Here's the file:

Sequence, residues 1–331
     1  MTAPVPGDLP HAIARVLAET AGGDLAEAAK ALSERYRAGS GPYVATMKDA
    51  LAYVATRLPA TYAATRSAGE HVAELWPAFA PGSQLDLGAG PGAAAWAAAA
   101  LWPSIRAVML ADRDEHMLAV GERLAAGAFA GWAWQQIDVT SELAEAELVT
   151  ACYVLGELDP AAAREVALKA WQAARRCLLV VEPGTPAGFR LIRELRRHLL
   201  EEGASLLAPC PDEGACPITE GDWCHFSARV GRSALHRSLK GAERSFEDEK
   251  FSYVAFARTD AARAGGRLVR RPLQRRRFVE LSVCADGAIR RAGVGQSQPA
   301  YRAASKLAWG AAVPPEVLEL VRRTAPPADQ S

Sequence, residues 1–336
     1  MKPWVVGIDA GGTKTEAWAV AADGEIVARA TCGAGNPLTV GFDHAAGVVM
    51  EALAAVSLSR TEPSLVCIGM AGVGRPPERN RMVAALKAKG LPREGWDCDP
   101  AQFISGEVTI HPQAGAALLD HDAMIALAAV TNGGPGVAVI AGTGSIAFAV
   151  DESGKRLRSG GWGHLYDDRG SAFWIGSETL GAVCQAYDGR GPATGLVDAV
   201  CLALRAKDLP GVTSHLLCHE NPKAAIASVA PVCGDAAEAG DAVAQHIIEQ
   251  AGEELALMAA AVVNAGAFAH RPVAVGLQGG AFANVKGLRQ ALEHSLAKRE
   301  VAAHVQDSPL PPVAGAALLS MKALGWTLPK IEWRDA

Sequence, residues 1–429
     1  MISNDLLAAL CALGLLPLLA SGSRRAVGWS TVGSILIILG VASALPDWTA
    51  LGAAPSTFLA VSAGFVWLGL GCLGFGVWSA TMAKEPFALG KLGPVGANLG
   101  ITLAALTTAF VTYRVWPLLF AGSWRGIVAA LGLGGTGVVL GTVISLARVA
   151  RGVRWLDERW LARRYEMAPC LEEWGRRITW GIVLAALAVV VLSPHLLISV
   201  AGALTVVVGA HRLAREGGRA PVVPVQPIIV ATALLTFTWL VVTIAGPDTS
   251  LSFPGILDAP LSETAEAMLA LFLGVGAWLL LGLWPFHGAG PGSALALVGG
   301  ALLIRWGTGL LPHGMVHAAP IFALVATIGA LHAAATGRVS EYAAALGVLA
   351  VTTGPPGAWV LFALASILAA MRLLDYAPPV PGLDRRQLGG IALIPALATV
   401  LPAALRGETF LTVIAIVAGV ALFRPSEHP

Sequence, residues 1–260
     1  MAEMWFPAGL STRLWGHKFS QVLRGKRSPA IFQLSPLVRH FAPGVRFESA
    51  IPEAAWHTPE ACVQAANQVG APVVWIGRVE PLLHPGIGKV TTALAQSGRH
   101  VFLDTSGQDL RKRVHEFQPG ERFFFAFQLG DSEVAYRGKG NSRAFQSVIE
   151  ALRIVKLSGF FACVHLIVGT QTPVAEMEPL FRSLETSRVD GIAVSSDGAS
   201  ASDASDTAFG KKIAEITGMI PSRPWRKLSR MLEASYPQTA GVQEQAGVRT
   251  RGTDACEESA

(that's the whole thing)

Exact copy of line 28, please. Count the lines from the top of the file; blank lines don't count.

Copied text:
     1  MAEMWFPAGL STRLWGHKFS QVLRGKRSPA IFQLSPLVRH FAPGVRFESA